3 Reasons Why You Should Own Canadian Tire Corporation Limited

Canadian Tire Corporation Limited (TSX:CTC.A) might be Canada’s finest retailer. Why you should buy the company and tuck it away for a long time.

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The Motley Fool

When it comes to iconic brands in Canada, it’s tough to top Canadian Tire Corporation Limited (TSX:CTC.A). The familiar triangular shaped red and green logo is as recognizable to the average Joe as a cup of Tim Hortons coffee or the Toronto Maple Leafs logo. Canadian Tire money has its own folklore as well, much to the bewilderment to folks who aren’t familiar with the chain.

But just because a company has an iconic brand doesn’t necessarily mean you should own the stock. Kodak might still be the best known brand in photography, and we all know how that story ended up. Sears was once one of North America’s largest retailers, and it has deteriorated to the point where the company is basically fighting to stay alive.

That isn’t the case with Canadian Tire. The company is pretty much firing on all cylinders right now. Here are three reasons why you want to own this retail juggernaut.

1. Great brands

Canadian Tire’s management has done a terrific job acquiring other Canadian retail brands over the years. The company bought Mark’s Work Warehouse in 2001, and followed it up with a purchase of Forzani Group in 2011, swallowing up the Sport Chek, Nevada Bob’s Golf, and Atmosphere brands with the transaction. The company also launched PartSource in 1999, a chain of automotive supply stores.

The common theme of those acquisitions is simple. Canadian Tire management has consistently acquired the best chains in a certain niche. Mark’s is Canada’s top choice for work clothes, selling more overalls and work boots than anyone else. Sport Chek is the obvious leader in sports equipment, and it’s also a dominant player in clothing as well. Sport Chek sells enough winter coats annually to give one to everyone in Saskatoon and St. Johns.

And that’s not even counting the main brand, which is visited by more than 80% of Canadians on an annual basis.

2. Financial services

Most Canadian retailers now offer a branded credit card, and pat themselves on the back for getting into financial services. Canadian Tire was one of the first to get into the credit card business, and has been incredibly successful at it. 1 out of every 5 Canadians have had a Canadian Tire branded credit card in their wallet.

Here’s how valuable Canadian Tire’s financial division is. Back in the summer, the company sold 20% of it to Bank of Nova Scotia for $500 million, which also included a $2.25 billion operating line for credit card receivables. That’s a great partnership.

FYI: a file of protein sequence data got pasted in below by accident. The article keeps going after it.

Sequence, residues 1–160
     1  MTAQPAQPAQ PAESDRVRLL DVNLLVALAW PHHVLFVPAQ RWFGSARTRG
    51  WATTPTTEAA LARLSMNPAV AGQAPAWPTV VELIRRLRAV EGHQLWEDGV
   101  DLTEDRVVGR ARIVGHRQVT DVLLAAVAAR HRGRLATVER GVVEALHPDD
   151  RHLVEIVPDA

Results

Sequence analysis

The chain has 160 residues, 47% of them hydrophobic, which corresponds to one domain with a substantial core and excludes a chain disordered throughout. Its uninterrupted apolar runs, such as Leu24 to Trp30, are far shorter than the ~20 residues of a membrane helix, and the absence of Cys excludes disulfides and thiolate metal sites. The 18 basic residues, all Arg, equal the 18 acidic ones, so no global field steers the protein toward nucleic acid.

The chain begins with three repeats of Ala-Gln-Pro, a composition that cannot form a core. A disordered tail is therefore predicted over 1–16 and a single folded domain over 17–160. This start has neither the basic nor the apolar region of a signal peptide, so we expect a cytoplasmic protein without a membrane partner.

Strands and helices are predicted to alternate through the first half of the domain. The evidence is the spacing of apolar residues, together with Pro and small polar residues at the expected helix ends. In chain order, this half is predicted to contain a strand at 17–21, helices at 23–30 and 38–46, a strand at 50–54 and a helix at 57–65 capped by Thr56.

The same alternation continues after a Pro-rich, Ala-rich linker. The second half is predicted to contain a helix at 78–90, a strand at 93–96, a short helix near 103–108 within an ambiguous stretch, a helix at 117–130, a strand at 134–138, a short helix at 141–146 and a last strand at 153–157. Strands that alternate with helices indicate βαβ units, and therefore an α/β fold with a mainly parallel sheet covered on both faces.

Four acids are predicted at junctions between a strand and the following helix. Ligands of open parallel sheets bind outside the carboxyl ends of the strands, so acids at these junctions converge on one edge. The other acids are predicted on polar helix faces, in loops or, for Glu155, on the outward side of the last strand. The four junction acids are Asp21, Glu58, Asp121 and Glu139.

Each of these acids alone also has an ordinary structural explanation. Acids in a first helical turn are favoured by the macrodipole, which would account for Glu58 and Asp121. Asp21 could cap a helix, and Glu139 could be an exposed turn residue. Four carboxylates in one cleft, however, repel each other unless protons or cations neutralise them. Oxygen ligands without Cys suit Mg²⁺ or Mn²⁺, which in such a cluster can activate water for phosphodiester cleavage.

At any given point, there are 1.8 million Canadians who collectively owe the company more than $4.2 billion on their credit cards. In fact, you could even make the argument that the financial services division is better than the retail business. After all, there’s way less overhead to collect on credit cards than there is to sell stuff.

3. Giving back to shareholders

Some investors might see Canadian Tire’s 1.8% dividend and get discouraged. There are certainly better yields out there.

But that’s not looking at the whole picture. Instead of focusing on the dividend, investors should pay attention to the company’s share buyback program. Management has pledged to spend $400 million buying back stock in 2015, which would eliminate approximately 5% of the company’s outstanding shares. Thus, when you combine the two, management is returning just about 7% annually to investors.

Canadian Tire is a retail juggernaut that owns some great brands, while also doing a terrific job at financial services. It’s a company you want to own. But we’ve got another company that might end up being an even better pick. Check out the details below.

This article represents the opinion of the writer, who may disagree with the “official” recommendation position of a Motley Fool premium service or advisor. We’re Motley! Questioning an investing thesis — even one of our own — helps us all think critically about investing and make decisions that help us become smarter, happier, and richer, so we sometimes publish articles that may not be in line with recommendations, rankings or other content.

Fool contributor Nelson Smith has no position in any stocks mentioned.

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